OTTAWA – The Conservative Party is holding on to the top spot in Canada, but has lost points in the new year, a new Vision Critical / Angus Reid poll has found. In the online survey of a representative national sample of 1,008 Canadian adults, 34 per cent of respondents (-3 since December) would support the governing Conservative Party in the next federal election.
The Liberal Party is second with 28 per cent (+2), followed by the New Democratic Party (NDP) with 17 per cent (-1), the Bloc Québécois with 11 per cent (+1), and the Green Party with eight per cent (+1). While the Tories and the NDP are now below their final tally in the 2008 election, the Grits, the Bloc and the Greens are ahead of their result in the last federal ballot.
The Tories maintain their dominance in Alberta (65%) and Manitoba and Saskatchewan (44%). In British Columbia, two-in-five decided voters would support the governing party (42%), followed by the NDP (25%) and the Liberals (21%).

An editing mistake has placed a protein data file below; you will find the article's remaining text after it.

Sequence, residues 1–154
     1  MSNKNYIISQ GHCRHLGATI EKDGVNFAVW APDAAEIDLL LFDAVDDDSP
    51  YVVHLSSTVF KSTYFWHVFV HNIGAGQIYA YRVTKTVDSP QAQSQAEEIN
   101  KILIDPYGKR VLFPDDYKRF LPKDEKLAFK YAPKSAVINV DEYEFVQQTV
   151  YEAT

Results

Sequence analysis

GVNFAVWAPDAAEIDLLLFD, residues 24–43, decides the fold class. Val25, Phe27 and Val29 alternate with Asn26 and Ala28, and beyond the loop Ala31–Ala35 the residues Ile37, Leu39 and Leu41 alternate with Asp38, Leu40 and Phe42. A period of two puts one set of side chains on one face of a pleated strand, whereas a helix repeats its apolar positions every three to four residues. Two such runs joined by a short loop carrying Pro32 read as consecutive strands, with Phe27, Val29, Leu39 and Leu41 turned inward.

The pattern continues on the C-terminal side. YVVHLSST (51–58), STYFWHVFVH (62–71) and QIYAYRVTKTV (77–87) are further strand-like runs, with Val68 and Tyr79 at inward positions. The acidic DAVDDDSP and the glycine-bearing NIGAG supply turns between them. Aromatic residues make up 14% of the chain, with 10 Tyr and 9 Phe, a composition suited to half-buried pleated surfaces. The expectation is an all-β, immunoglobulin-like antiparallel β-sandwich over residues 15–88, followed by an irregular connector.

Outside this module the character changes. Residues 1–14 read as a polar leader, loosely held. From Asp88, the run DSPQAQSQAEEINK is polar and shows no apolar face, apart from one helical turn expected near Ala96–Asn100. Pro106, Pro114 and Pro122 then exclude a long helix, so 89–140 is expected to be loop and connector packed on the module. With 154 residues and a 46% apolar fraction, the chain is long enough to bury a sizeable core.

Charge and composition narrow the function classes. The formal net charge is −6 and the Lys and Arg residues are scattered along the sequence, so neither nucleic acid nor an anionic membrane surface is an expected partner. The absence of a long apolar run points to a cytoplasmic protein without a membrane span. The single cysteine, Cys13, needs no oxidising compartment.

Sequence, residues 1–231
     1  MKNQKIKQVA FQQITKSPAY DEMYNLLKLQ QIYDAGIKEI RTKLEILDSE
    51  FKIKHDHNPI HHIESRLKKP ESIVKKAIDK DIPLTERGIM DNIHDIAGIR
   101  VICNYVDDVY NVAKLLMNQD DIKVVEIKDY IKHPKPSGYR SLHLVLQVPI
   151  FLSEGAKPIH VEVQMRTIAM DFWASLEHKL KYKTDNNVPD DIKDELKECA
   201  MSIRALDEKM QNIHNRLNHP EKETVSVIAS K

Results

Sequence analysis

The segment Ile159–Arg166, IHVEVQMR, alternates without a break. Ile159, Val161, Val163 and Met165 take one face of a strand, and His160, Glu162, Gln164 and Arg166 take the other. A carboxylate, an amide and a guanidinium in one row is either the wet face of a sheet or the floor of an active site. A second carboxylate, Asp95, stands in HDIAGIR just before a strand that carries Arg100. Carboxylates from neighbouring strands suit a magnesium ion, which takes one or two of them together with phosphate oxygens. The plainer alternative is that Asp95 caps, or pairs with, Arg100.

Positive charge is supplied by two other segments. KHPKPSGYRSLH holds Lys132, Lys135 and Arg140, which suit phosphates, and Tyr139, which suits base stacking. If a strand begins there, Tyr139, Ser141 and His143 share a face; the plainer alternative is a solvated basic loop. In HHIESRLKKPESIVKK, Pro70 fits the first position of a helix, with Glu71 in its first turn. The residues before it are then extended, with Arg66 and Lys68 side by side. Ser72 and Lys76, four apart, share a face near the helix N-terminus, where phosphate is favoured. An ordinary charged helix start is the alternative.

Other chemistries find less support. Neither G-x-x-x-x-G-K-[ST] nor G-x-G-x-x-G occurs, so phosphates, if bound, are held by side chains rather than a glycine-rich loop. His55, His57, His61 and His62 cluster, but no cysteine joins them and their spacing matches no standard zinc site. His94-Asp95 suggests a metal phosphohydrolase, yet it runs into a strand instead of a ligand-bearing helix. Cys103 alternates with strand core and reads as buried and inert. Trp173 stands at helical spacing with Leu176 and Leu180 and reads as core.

The biggest change has come in Ontario, where the 13-point Tory lead observed in December has become a statistical tie (Conservatives 38%, Liberals 36%). In Quebec, the Bloc remains ahead with 43 per cent, followed by the three federalist parties (Lib. 22%, NDP 15%, Con. 13%).
The real story in the latest poll are the continuing low numbers for Liberal leader Michael Ignatieff. Conservative leader and Prime Minister Stephen Harper maintaining an approval rating of 26 per cent. NDP leader Jack Layton gained a point to tie Harper at 26 per cent, while Liberal Party and Official opposition leader Michael Ignatieff dropped to 12 per cent. Layton keeps the best momentum score of the three leaders at -3, followed by Harper with -18 and Ignatieff with -20.